Credit Default Swaps: In Common Dog Sense


For those following the current economic credit crisis, the term ‘credit default swaps’ has become a central issue. But, if you are like me, it is really tough to get a good handle on all of this.

The CDS market exploded over the past decade to more than $45 trillion in mid-2007, according to the International Swaps and Derivatives Association. This is roughly twice the size of the U.S. stock market (which is valued at about $22 trillion and falling) and far exceeds the $7.1 trillion mortgage market and $4.4 trillion U.S. treasuries market, notes Harvey Miller, senior partner at Weil, Gotshal & Manges. “It could be another — I hate to use the expression — nail in the coffin,” said Miller, when referring to how this troubled CDS market could impact the country’s credit crisis.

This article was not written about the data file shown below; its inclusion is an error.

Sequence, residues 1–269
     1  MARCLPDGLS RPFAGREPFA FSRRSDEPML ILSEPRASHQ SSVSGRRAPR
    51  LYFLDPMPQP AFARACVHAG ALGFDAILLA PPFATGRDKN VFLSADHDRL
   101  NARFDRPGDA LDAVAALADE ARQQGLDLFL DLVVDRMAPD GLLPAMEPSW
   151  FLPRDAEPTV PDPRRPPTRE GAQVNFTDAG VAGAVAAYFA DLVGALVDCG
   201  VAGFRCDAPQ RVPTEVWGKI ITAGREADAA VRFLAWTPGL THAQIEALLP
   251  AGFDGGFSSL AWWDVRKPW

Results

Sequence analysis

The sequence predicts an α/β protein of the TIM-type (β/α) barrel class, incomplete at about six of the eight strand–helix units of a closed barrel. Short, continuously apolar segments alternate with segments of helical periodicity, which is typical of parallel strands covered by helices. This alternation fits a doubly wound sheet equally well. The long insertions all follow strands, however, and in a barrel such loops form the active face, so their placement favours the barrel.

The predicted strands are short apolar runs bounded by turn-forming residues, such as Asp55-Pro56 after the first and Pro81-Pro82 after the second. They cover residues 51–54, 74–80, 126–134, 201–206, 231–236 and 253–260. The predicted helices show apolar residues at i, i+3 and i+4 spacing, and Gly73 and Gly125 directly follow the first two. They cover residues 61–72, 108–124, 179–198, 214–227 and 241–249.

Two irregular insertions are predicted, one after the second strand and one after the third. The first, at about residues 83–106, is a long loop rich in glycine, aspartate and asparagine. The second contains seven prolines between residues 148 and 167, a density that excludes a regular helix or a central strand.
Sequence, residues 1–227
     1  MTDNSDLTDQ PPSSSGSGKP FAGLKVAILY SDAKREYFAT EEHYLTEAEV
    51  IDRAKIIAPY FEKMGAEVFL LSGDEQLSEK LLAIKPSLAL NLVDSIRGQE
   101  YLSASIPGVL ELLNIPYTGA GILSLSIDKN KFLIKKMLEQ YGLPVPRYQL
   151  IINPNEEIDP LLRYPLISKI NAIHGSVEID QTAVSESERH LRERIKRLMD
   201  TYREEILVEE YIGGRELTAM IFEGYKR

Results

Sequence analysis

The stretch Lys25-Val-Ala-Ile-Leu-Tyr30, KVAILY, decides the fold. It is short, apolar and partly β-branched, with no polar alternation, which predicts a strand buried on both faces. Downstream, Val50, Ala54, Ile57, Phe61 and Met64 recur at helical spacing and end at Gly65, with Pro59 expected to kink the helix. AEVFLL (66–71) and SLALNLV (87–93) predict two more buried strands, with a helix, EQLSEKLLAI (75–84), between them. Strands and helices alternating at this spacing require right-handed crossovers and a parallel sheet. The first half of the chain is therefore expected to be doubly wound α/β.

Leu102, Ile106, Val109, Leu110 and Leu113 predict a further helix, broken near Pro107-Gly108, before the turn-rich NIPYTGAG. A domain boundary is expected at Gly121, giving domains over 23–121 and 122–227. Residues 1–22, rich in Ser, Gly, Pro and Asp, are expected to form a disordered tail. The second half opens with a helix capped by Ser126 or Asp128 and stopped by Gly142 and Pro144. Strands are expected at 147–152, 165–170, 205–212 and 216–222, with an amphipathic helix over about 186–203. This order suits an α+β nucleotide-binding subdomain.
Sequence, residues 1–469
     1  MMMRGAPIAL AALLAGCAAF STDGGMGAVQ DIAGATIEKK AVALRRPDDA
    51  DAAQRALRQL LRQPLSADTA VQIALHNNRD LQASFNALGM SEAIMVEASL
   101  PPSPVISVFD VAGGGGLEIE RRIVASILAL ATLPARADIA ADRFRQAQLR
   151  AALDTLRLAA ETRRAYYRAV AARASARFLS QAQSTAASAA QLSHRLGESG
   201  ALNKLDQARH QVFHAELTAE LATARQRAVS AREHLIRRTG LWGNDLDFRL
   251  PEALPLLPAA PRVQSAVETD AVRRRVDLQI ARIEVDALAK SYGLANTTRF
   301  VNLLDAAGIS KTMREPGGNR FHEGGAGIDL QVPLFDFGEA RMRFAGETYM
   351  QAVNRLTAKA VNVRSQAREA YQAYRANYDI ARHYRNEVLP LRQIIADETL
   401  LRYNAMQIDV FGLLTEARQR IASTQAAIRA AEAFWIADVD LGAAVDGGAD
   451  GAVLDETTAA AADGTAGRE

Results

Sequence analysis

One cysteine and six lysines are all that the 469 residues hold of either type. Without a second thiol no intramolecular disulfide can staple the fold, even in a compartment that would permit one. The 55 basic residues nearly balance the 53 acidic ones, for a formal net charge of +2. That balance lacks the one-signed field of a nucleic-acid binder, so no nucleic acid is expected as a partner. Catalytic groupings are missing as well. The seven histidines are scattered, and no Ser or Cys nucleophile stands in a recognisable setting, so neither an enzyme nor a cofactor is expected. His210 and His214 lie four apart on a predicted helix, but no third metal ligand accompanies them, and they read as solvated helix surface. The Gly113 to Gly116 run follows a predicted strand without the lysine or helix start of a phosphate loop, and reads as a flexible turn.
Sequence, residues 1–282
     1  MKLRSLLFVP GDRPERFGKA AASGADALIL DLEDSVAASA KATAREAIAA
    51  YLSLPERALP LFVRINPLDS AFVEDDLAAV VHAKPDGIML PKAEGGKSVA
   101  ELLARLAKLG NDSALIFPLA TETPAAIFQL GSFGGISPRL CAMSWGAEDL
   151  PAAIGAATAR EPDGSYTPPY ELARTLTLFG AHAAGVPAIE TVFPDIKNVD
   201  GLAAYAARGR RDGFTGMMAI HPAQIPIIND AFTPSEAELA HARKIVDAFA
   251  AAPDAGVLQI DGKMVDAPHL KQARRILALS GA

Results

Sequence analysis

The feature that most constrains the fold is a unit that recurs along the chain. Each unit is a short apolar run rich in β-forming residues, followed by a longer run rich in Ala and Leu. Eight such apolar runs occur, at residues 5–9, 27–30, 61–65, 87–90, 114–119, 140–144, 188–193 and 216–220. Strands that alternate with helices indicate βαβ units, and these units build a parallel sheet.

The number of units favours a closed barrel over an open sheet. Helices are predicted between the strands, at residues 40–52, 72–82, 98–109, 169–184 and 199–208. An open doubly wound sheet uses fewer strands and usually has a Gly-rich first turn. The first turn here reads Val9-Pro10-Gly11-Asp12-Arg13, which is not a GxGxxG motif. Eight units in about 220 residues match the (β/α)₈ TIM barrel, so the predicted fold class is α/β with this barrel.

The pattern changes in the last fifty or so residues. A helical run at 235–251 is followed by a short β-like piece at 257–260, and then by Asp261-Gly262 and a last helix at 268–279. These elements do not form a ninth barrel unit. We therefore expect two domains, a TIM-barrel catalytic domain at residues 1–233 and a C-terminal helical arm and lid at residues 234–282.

But, I just came across a very cool post (ht to that detailed explaining this financial mess to your dog. It comes from Physics Professor Chad Urzel’s blog which “features physics, politics, pop culture, and occasional conversations with his dog”. Do check out The Kibble Bubble!

Let’s say you have a whole bunch of kibble–”

“How much kibble?”

“I don’t know. A lot. Fifty cups.”

“Oooh! I like how this starts.” She wags her tail excitedly.

“You won’t like how it ends. Let’s say you have fifty cups of kibble, and the Weimaraner across the streets comes and asks you to loan her one cup, and promises to pay you back five cups over the next year. Do you give her the kibble?”

“No! It’s my kibble!” She looks offended at the very idea.

“It’s only one cup, and she’ll pay you back five.”

“Yeah, but I don’t trust that dog. Where’s she going to get five cups of kibble? She’s just going to eat the one cup, and I’ll never get paid back. She’s a bad risk.”

“Exactly. Now, imagine that some human comes and offers to sell you a piece of paper for ten cups of kibble, and the paper says you get fifty cups of kibble over the next year. Do you buy it?”

“Sure. Humans have lots of kibble. They’re good for it.”

“You might think that . . . . .”

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